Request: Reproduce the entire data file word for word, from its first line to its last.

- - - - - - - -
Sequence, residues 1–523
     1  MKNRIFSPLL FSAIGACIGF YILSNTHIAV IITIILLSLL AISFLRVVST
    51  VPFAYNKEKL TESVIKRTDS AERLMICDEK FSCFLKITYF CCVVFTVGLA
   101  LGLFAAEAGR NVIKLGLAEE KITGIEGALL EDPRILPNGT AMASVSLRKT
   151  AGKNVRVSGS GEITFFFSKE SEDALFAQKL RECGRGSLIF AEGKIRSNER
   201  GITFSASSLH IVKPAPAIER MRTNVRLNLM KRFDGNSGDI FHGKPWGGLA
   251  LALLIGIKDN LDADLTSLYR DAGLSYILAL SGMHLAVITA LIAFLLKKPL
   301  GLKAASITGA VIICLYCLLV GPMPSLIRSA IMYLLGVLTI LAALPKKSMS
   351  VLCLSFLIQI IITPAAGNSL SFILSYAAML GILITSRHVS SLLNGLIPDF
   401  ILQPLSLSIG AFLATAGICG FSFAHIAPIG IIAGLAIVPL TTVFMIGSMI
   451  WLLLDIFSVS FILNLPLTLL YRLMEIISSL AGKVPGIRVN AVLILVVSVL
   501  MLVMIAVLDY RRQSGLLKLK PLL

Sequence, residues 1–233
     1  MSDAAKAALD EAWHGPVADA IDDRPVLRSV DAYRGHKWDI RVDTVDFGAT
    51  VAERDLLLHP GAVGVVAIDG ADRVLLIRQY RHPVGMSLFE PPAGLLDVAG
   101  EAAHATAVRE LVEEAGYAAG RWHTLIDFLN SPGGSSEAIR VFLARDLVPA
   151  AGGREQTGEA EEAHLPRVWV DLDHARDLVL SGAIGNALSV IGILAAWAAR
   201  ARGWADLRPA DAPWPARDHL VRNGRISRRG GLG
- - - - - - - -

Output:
Sequence, residues 1–523
     1  MKNRIFSPLL FSAIGACIGF YILSNTHIAV IITIILLSLL AISFLRVVST
    51  VPFAYNKEKL TESVIKRTDS AERLMICDEK FSCFLKITYF CCVVFTVGLA
   101  LGLFAAEAGR NVIKLGLAEE KITGIEGALL EDPRILPNGT AMASVSLRKT
   151  AGKNVRVSGS GEITFFFSKE SEDALFAQKL RECGRGSLIF AEGKIRSNER
   201  GITFSASSLH IVKPAPAIER MRTNVRLNLM KRFDGNSGDI FHGKPWGGLA
   251  LALLIGIKDN LDADLTSLYR DAGLSYILAL SGMHLAVITA LIAFLLKKPL
   301  GLKAASITGA VIICLYCLLV GPMPSLIRSA IMYLLGVLTI LAALPKKSMS
   351  VLCLSFLIQI IITPAAGNSL SFILSYAAML GILITSRHVS SLLNGLIPDF
   401  ILQPLSLSIG AFLATAGICG FSFAHIAPIG IIAGLAIVPL TTVFMIGSMI
   451  WLLLDIFSVS FILNLPLTLL YRLMEIISSL AGKVPGIRVN AVLILVVSVL
   501  MLVMIAVLDY RRQSGLLKLK PLL

Sequence, residues 1–233
     1  MSDAAKAALD EAWHGPVADA IDDRPVLRSV DAYRGHKWDI RVDTVDFGAT
    51  VAERDLLLHP GAVGVVAIDG ADRVLLIRQY RHPVGMSLFE PPAGLLDVAG
   101  EAAHATAVRE LVEEAGYAAG RWHTLIDFLN SPGGSSEAIR VFLARDLVPA
   151  AGGREQTGEA EEAHLPRVWV DLDHARDLVL SGAIGNALSV IGILAAWAAR
   201  ARGWADLRPA DAPWPARDHL VRNGRISRRG GLG